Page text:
STL Post-Dispatch: Suing for discrimination at work gets harder under measure OK’d by Missouri Senate

By Austin Huguelet St. Louis Post-Dispatch

JEFFERSON CITY • After more than 12 hours of debate and filibuster that stretched into the early morning Wednesday, Missouri senators reached a compromise on a proposal that would make it harder for Missourians to sue for workplace discrimination. 

Under a measure given initial approval after midnight, people would have to prove their race, sex or other protected status actually motivated their boss or colleague to mistreat them to win cases like wrongful termination suits. 

Currently, they need only prove their status was a “contributing factor” to prevail in court.


For example, if a black plaintiff was fired from a job because of tardiness, but white employees routinely showed up late and weren’t fired, the black employee could contend that race “contributed” to the boss’s decision. 

If the new measure is approved and signed into law, such employees will need to meet a higher standard — they would have to show that race was a “motivating” factor, rather than just a contributing factor.

Farmington Republican Sen. Gary Romine’s original offer would have required plaintiffs to prove their protected status was the sole reason causing their mistreatment firing suits, something Democrats simply couldn’t abide. 

Republicans and business groups presented the measure as an antidote for judicial overreach that has unfairly favored plaintiffs and extorted largely innocent companies. Romine said he was just trying to bring Missouri in line with federal law. 

But Democrats said the burden of proof he proposed would effectively bar discrimination victims from their day in court.  

Bigoted bosses could evade any accusation of discrimination by claiming an employee coming in late was the “motivating factor” for a firing, Sen. Jill Schupp, D-Creve Coeur, said in initial discussion Monday night.

“This bill is a direct assault on every black person and every woman in this state.” added Sen. Kiki Curls, D-Kansas City, who is black. “I feel personally attacked, I really do.” 

Progressive groups echoed those concerns in a news conference Tuesday morning. 

“The best way to stop discrimination lawsuits is to stop discriminating,” Empower Missouri executive director Jeanette Mott Oxford said.

State NAACP President Rod Chapel also railed against the House version of the bill, carried by Rep. Kevin Austin, R-Springfield. Pineville Republican Rep. Bill Lant cut Chapel’s mic off during testimony on the bill last month, prompting accusations of blatant racism and an apology by Speaker Todd Richardson the next day.

Schupp tried for a moral victory with an amendment adding gender identity and sexual orientation to the list of statuses protected by the by the Missouri Human Rights Act.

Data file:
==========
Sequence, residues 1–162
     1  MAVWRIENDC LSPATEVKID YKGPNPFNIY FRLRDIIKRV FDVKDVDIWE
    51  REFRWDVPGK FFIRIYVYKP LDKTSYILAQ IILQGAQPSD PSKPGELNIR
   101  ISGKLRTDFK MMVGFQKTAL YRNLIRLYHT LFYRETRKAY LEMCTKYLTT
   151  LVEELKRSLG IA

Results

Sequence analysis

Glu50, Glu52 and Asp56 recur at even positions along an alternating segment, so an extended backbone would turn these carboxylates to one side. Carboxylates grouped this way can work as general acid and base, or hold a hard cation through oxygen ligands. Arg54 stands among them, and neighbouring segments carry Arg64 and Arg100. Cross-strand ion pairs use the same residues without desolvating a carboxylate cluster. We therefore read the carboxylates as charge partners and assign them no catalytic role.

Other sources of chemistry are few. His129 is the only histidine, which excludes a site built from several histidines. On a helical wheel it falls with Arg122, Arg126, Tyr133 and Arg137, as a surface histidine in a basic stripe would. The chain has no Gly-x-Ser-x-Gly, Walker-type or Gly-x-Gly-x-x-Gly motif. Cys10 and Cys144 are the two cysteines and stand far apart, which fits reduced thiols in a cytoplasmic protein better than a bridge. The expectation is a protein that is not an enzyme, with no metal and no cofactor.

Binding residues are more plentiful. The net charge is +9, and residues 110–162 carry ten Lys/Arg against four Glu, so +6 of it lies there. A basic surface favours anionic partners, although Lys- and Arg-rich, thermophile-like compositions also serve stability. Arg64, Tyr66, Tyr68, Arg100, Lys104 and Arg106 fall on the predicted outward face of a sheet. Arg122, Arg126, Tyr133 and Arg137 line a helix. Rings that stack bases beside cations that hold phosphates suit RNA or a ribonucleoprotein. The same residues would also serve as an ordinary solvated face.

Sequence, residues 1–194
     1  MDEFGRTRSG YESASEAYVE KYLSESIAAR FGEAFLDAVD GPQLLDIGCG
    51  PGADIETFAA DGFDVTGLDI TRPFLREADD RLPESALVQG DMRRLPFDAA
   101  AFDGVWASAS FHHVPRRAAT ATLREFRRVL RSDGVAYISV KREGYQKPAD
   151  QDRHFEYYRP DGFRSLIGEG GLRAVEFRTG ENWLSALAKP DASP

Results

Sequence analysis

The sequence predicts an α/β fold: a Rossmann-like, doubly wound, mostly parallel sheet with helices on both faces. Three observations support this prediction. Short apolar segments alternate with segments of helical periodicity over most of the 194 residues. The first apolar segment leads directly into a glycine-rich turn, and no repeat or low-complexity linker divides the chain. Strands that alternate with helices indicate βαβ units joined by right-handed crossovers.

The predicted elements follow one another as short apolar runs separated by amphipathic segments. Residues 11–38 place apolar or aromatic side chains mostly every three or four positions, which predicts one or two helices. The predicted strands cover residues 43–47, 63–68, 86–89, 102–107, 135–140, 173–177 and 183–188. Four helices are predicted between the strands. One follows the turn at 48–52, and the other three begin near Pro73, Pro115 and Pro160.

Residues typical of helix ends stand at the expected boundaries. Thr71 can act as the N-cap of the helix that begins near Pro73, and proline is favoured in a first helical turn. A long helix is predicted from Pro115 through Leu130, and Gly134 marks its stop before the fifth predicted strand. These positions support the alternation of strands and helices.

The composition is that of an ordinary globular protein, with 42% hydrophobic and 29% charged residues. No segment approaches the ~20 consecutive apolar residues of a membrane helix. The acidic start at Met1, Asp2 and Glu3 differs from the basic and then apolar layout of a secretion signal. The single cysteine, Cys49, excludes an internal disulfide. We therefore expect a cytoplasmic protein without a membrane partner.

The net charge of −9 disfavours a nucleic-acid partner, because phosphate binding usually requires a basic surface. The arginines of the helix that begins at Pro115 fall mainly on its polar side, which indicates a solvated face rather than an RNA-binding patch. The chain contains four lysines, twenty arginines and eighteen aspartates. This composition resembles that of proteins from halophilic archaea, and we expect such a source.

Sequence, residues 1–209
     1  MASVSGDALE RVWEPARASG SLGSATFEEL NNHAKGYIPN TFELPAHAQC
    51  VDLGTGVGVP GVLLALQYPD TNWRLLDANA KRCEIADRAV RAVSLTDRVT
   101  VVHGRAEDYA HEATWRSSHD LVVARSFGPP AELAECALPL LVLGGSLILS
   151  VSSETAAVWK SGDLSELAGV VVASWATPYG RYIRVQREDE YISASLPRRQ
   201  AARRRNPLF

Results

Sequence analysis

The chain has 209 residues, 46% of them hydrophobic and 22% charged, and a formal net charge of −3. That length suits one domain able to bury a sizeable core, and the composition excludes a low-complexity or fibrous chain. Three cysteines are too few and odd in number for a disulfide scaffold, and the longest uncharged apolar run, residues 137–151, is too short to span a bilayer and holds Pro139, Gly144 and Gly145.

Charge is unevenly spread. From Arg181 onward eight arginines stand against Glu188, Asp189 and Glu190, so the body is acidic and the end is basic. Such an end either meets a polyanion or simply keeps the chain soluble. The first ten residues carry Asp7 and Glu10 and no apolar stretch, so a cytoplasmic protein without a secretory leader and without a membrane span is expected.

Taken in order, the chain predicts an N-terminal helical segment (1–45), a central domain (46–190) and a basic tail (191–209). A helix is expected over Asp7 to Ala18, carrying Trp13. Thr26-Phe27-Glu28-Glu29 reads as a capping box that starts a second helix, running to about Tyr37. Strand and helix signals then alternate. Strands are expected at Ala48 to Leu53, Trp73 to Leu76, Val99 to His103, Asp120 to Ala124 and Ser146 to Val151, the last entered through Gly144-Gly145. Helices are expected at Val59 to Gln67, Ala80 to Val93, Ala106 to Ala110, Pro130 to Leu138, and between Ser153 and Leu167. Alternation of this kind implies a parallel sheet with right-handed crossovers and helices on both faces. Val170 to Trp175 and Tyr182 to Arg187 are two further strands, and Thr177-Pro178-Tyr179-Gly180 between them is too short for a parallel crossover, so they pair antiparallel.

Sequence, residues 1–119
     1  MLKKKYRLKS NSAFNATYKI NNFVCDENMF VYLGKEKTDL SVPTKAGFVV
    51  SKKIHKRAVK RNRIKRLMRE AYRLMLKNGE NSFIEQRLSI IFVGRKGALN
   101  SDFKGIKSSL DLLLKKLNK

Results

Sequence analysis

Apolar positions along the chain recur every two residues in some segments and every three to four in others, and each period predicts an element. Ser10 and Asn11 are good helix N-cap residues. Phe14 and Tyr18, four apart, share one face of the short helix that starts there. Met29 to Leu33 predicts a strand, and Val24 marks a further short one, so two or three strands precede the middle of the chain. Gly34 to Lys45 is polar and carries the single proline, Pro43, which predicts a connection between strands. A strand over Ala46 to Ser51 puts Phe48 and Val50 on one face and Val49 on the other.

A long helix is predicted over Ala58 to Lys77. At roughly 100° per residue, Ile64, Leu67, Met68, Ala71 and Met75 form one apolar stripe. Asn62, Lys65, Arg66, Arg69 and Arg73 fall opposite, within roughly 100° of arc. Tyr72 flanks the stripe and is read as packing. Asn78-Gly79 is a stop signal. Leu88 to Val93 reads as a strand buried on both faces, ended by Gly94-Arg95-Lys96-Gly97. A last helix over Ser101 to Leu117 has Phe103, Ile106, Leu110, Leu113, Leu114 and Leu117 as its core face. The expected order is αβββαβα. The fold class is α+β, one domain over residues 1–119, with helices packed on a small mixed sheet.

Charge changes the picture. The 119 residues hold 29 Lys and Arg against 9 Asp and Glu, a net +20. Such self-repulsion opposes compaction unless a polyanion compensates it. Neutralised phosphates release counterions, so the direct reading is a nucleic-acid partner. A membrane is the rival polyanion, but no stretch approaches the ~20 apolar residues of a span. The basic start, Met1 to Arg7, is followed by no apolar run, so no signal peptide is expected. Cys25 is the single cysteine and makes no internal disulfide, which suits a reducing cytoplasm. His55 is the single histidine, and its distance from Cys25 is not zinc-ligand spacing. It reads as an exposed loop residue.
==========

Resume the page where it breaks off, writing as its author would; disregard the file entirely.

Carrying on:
But the measure, which passed the chamber on the final day of the 2013 session, failed on a 20-10 vote Wednesday morning. 

In the end, Republicans were only willing to move so far.


Romine agreed to eliminate a contentious provision shielding state entities, like the University of Missouri System or prisons under legislative investigation for sexual harassment claims, from punitive damages. He even raised the caps the bill imposed on payouts from the biggest companies. 

But Democrats failed to snuff out a ban on suing other employees, meaning suits would have to be filed against companies, and remained ardently opposed.

Former Gov. Jay Nixon, a Democrat, vetoed similar legislation in 2011 and 2012. 

But Republican Gov. Eric Greitens has prioritized making Missouri courts friendlier to business. 


“Our judicial system is broken,” he said in his State of the State address last month, “and the trial lawyers who have broken it, well, their time is up.”

Romine’s measure is one of dozens of proposals catering to Greitens’ wishes this session.

It’s also one that could cater to his bottom line. 

The Post-Dispatch reported last month that Romine’s rent-to-own furniture chain has been embroiled in a racial discrimination lawsuit for the past two years. 

The suit alleges that a supervisor at the chain’s Sikeston store used racial slurs against a black account manager and that Romine declined to address complaints.

Romine dismissed the implication of self-dealing, pointing out that he first filed the legislation in December 2014, four months before his company was sued.

Debate stayed largely germane to Schupp’s amendment until around 11:30 p.m. Tuesday, when Democratic senators Jacob Hummel of St. Louis and John Rizzo of Kansas City left the floor.

Republican Senators Will Kraus of Lee’s Summit and Caleb Rowden of Columbia discussed Facebook Live logistics and how fast Rowden drives home every night.

Kansas City Senators Jason Holsman, a Democrat, and Ryan Silvey, a Republican, couched Big Lebowski jokes between discussions of the Kansas City Royals, term limits and trout fishing.

Senators returned their seats around 2 a.m. to vote on the compromise. 

The measure, Senate Bill 43, requires House approval and the governor’s signature before becoming law.

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